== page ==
Driving Ontario’s growth in virtual learning
University of Waterloo receives provincial funding to advance digital education
University of Waterloo receives provincial funding to advance digital educationBy Janice Cooke Centre for Extended Learning
The University of Waterloo has been awarded almost $1.5 million from the Ontario Ministry of Colleges and Universities (MCU) as part of their $50 million investment in virtual learning. Ontario’s Virtual Learning Strategy will expand the possibilities of traditional and life-long learning through the accelerated use of both online and hybrid learning.
As Ontario’s postsecondary education sector rapidly transitioned to remote delivery in 2020, the need for virtual learning supports to enable access to high-quality learning quickly became apparent. Recognizing online learning within the University’s 2020-2025 strategic plan, Waterloo had 52,600+ online course enrolments in 2019/20 and more than 500 online courses available in its regular course catalogue. With this funding, more can be done; not only for Waterloo students but for instructors and students across the province.
"Universities are being called to improve society and drive prosperity in a responsible way by challenging traditional models of education," says Feridun Hamdullahpur, University of Waterloo president and vice-chancellor. "As we’ve seen from the past year, online and virtual learning are key components in the future of education. Waterloo is committed to transforming how we teach and learn, and to educating global citizens who are able to thrive in an age of rapid change."
Through these awards, Waterloo can further share its extensive experience in online learning, explore new avenues for providing engaging learning opportunities and aid other institutions and community members. Come March 2022, 19 project proposals from 28 authors will be freely accessible through the University of Waterloo to any post-secondary institution in Ontario.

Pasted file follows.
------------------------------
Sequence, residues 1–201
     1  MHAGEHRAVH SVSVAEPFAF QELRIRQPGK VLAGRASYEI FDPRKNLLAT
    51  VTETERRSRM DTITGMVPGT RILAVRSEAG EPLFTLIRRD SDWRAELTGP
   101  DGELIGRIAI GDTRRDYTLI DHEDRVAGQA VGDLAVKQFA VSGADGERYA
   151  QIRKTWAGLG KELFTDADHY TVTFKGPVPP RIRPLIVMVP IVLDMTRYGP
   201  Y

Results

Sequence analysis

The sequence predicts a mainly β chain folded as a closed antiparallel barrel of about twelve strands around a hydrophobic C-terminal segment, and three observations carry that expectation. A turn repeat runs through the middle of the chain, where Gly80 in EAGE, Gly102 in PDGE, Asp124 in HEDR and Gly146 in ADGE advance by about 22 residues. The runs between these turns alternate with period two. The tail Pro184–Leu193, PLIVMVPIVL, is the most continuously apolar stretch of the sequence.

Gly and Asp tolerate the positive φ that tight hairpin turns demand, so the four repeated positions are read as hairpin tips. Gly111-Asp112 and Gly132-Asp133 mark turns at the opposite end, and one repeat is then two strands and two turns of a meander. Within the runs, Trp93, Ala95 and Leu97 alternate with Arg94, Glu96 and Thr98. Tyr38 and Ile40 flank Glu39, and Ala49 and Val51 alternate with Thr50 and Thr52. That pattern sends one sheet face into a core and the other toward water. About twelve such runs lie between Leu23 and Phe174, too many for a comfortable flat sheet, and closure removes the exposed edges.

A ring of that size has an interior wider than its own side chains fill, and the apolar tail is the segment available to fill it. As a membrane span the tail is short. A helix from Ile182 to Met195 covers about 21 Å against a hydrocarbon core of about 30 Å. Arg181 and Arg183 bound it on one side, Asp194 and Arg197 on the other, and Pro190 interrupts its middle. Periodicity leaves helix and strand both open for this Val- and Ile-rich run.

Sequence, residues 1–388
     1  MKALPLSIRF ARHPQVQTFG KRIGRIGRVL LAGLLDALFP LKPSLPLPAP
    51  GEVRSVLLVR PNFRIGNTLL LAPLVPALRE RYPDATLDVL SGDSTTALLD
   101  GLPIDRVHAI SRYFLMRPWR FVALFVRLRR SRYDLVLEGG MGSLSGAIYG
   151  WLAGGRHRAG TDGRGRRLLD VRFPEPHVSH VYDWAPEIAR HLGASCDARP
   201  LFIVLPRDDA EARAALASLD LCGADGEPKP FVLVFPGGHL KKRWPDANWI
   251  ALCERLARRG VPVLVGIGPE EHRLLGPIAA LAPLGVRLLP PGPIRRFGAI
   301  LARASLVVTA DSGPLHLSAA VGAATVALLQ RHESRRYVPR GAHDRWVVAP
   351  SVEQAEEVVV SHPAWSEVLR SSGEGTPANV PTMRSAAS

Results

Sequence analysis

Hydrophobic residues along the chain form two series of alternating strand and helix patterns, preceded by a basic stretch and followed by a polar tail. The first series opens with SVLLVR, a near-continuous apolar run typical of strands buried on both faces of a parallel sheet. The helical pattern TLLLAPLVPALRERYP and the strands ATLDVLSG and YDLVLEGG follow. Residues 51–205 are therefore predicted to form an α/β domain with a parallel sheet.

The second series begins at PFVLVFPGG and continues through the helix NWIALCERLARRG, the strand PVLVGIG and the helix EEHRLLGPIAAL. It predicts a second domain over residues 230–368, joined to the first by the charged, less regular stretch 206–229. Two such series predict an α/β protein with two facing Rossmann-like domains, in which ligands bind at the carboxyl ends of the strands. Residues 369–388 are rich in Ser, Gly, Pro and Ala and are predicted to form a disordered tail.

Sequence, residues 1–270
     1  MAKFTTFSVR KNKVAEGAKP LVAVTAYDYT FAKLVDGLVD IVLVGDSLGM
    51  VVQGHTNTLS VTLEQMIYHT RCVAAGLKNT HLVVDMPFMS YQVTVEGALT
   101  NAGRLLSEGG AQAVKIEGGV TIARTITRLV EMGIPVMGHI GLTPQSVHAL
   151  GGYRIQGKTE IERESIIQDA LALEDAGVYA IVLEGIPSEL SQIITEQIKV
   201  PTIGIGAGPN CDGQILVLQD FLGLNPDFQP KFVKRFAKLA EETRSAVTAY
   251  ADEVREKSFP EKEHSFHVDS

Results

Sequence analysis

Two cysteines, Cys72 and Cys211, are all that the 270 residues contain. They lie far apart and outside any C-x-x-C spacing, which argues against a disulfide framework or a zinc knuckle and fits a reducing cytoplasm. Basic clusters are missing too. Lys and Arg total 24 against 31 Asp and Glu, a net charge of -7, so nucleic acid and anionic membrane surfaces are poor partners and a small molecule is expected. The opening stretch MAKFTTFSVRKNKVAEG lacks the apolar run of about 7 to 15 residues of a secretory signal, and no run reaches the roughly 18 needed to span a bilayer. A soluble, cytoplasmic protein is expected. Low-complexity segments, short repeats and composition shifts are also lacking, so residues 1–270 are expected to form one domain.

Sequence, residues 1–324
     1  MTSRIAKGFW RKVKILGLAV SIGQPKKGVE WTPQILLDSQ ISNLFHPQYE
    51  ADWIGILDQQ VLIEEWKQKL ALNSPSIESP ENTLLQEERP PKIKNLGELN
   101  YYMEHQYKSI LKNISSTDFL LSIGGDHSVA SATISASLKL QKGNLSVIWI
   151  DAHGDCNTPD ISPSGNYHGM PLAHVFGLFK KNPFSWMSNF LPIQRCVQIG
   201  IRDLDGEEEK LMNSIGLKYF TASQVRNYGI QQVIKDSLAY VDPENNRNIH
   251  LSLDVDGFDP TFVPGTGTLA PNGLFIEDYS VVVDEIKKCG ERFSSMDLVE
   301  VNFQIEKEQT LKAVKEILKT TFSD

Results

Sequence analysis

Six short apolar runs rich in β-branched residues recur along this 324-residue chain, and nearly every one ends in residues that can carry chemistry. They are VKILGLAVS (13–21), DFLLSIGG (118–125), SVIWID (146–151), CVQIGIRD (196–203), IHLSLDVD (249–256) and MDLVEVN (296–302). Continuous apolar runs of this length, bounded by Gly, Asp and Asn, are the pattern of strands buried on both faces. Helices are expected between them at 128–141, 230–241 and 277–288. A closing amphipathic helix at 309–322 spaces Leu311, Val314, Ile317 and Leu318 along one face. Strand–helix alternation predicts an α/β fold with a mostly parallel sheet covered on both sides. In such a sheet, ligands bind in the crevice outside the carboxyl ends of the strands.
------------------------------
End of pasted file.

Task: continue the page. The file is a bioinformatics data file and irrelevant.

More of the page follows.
Some of Waterloo’s funded projects include:
Creation of a graduate-level module on Indigenous health and social justice
Developing a Mental Health Literacy Course for Ontario Colleges and Universities
Developing a 360º virtual reality tour and simulations of a chemical processing plant
Helping the not-for-profit sector improve their volunteer management practices, standards and strategies
Reconceptualizing our Instructional Skills Workshop — an internationally recognized, peer-based, learner-centred teaching development program
"Waterloo has been a leader in online learning in Canada for many decades, providing high quality, engaging learning opportunities for our students," says Aldo Caputo, director, Centre for Extended Learning. "Now, thanks to this funding, we’ll be able to further enhance learning experiences for our students and share the outcomes of these projects with the entire Ontario higher education community."
For a full list of the 19 funded programs, visit the Centre for Extended Learning website.
These projects are truly a great demonstration of collaboration, both across Waterloo faculties and Academic Support Units, and externally with more than 15 Ontario college and university partners. Waterloo will also be able to take advantage of the other funded projects to enhance our existing Waterloo resources.
The number of online courses offered and registrations have been growing rapidly across Canada for many years, and many post-secondary institutions view online learning as strategically important.
In 2017, well before the pandemic, it was estimated that in any semester, Canada had over 1.3 million online course registrations. Online learning offers students more flexibility in scheduling, greater access to a wide range of courses, and in some cases a better learning experience. There are benefits for students with accessibility needs as well as for working professionals who want to improve their circumstances. Based on the growing number of enrolments, the ability to learn online is now an expectation of students and it is here to stay.
Ontario’s Virtual Learning Strategy will enable Waterloo, and other universities and colleges to offer improved online experiences and help prepare students for a complex and rapidly changing world.
The University of Waterloo acknowledges that much of our work takes place on the traditional territory of the Neutral, Anishinaabeg and Haudenosaunee peoples. Our main campus is situated on the Haldimand Tract, the land granted to the Six Nations that includes six miles on each side of the Grand River. Our active work toward reconciliation takes place across our campuses through research, learning, teaching, and community building, and is centralized within our Indigenous Initiatives Office.